The construction of the first geothermal heating plant in Aarhus has begun.

The construction of the first geothermal heating plant in Aarhus has begun.

Informacja prasowa • 18 czerwca, 2024

News • 18 czerwca, 2024

At the geothermal site in Skejby, two geothermal wells have been completed. One well will be used to pump hot water to the surface, while the other will return the cooled water back into the reservoir. The foundation is currently being laid for the geothermal heating plant. By the end of 2025, this plant will supply green heat to the district heating network in the northern part of Aarhus.

At the Skejby site in Aarhus, Innargi and Kredsløb’s work on the geothermal district heating plant is progressing as planned towards supplying green heat to Aarhus by the end of 2025.

In early February, the drilling of the first well commenced, and now, approximately 3 months later, the first pair of wells is ready to be activated. The drilling process has involved testing for temperature and fluidity, and the results on Skejbyvej appear as anticipated.

This means that Innargi is now starting to build the heating plant that will harvest the heat from the geothermal water and transfer it to the district heating network.

„We are pleased that our work to construct test wells has proceeded as planned. Now we have a completed pair of wells in Skejby, and already this week work will start on our first heating plant, which will transfer the geothermal heat to Kredsløb’s district heating network with the help of heat exchangers and heat pumps.”

Lars Heineke

Chief Project Officer at Innargi

Once the plant is completed, the neighbourhood can expect a good neighbour for the next 30 years. Some advantages of geothermal energy are that the plants do not produce noise, odor, or take up much space in the landscape once they are in operation.

„Geothermal energy is no longer a desk exercise. This is reality, and we can now begin to sense the first geothermal heat from what will be the EU’s largest continuous plant here in Aarhus. It is not an easy task to realise the plans, so I am both happy about the first good results and still hopeful that the further journey will also bring good results.”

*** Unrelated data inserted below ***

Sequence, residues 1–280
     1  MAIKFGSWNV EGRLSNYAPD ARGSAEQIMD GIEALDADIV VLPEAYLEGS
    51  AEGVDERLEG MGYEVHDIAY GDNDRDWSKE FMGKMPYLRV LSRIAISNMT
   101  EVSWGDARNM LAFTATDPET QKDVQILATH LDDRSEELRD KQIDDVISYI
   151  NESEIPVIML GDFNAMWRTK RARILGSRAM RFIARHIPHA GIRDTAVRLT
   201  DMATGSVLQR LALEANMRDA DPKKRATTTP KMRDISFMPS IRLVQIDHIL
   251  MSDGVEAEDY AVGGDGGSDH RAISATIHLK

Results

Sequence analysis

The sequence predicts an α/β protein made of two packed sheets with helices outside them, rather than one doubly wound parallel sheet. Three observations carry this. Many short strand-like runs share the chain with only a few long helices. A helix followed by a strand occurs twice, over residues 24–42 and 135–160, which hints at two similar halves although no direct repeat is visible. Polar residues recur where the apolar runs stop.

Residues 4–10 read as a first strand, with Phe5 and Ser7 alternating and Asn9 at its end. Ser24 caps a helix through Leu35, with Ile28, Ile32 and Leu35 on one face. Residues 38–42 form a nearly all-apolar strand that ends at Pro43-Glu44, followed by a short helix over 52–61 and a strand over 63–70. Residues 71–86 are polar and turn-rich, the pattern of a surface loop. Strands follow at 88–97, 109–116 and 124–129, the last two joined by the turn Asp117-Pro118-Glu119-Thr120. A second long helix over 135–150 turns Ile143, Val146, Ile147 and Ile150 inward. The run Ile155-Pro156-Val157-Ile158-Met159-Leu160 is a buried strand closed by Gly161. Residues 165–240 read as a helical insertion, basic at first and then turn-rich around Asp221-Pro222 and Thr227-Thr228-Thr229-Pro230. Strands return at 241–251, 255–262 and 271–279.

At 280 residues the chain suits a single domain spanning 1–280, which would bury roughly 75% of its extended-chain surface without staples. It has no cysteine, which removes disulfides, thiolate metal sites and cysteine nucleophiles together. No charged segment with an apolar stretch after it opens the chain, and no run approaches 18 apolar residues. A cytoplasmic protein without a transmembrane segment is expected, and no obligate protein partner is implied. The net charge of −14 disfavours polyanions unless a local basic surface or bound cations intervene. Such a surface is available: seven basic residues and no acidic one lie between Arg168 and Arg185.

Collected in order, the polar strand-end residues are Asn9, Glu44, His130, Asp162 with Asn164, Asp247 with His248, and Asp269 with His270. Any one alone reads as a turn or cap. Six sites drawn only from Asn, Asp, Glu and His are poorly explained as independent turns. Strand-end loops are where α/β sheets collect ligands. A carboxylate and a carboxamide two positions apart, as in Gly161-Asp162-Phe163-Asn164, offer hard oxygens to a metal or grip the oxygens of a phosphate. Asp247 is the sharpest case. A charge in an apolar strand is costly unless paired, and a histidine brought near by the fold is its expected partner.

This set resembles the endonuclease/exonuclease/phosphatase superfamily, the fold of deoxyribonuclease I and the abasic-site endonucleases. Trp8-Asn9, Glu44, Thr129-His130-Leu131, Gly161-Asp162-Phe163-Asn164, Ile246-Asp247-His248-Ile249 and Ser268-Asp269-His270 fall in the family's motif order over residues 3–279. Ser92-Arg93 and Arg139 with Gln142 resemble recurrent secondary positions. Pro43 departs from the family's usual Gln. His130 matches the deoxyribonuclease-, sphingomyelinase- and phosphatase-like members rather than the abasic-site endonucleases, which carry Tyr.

Bjarne Munk Jensen

CEO at Kredsløb

The work of drilling wells has been both seen and heard by the neighbors in the last three months. In the future, the neighbours can look forward to a quieter neighbour, as the heating system, spanning approximately 500m2 on the ground floor and two floors, is being built and prepared.

Innargi employee speaks to neighbours at the construction site in Aarhus

Progress is good news for many Aarhus residents

The progress in Skejbyer is not only good news for those who live in northern Aarhus. The geothermal plant in Skejby is part of the project’s initial test phase:

„We are not only building a finished plant that will supply green heat to the residents of the Skejby area. We also gather valuable insights and experience about the local subsoil, the heat exchange for Kredsløb’s systems and the plant for such a project, which we will take further in the assessment and development of geothermal plants elsewhere in the city,” says Lars Heineke.

For Kredsløb, the progress of the test phase is an important element in the city’s green transition:

„We cannot sit on our hands if we are to achieve the climate plan for Aarhus Municipality and electrify and future-proof district heating. Therefore, it is crucial that we work purposefully and constantly ensure progress,” concludes Bjarne Munk Jensen.


  •  At the time of the project’s announcement, the geothermal heating plant in Aarhus was set to be the EU’s largest.
  •  Geothermal energy is expected to be able to cover 20% of the district heating needs in Aarhus
  •  In Aarhus, geothermal energy is expected to reduce annual CO2 emissions by approximately 165,000 tonnes (reduction in biogenic emissions immediately and reduction due to alternative use of biomass)

About the partners in the project

Kredsløb supplies district heating to 330,000 people and recycles waste for 170,000 households in Aarhus Municipality. Kredsløb has a stated goal of making it easy for customers and partners to contribute to the green transition.

Innargi A/S was founded in 2017 by A.P. Møller Holding A/S and is today owned by A.P. Møller Holding, ATP, NRGi and Sampension. Innargi’s mission is to decarbonise district heating by bringing geothermal energy into play as a source of heat in millions of homes with the expertise of an experienced team of geologists, reservoir, facility and drilling engineers, as well as through partnerships with district heating expert.

For further information

Contact: Communications Specialist Innargi, Sofie Biering Krogh, +45 4291 4188

Learn more about the Aarhus Project

Explore this site to find out more about the progress of the project.

Aarhus, Denmark